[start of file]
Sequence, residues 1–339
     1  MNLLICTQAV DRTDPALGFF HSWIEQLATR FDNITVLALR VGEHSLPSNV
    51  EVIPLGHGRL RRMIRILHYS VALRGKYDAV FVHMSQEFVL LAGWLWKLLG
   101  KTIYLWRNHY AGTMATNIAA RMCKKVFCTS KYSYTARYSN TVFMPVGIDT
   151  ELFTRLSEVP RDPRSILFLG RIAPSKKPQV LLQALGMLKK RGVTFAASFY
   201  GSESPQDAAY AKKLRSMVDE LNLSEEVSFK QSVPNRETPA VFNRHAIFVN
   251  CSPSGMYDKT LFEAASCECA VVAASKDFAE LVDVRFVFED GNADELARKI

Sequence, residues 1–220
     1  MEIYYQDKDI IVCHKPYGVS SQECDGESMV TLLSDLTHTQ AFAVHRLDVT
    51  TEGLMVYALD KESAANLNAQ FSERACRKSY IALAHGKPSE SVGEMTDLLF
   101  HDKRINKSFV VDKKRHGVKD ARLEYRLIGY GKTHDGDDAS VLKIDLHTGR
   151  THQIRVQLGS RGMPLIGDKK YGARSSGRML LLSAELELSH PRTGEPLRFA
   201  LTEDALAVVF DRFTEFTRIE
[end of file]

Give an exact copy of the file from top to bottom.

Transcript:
Sequence, residues 1–339
     1  MNLLICTQAV DRTDPALGFF HSWIEQLATR FDNITVLALR VGEHSLPSNV
    51  EVIPLGHGRL RRMIRILHYS VALRGKYDAV FVHMSQEFVL LAGWLWKLLG
   101  KTIYLWRNHY AGTMATNIAA RMCKKVFCTS KYSYTARYSN TVFMPVGIDT
   151  ELFTRLSEVP RDPRSILFLG RIAPSKKPQV LLQALGMLKK RGVTFAASFY
   201  GSESPQDAAY AKKLRSMVDE LNLSEEVSFK QSVPNRETPA VFNRHAIFVN
   251  CSPSGMYDKT LFEAASCECA VVAASKDFAE LVDVRFVFED GNADELARKI

Sequence, residues 1–220
     1  MEIYYQDKDI IVCHKPYGVS SQECDGESMV TLLSDLTHTQ AFAVHRLDVT
    51  TEGLMVYALD KESAANLNAQ FSERACRKSY IALAHGKPSE SVGEMTDLLF
   101  HDKRINKSFV VDKKRHGVKD ARLEYRLIGY GKTHDGDDAS VLKIDLHTGR
   151  THQIRVQLGS RGMPLIGDKK YGARSSGRML LLSAELELSH PRTGEPLRFA
   201  LTEDALAVVF DRFTEFTRIE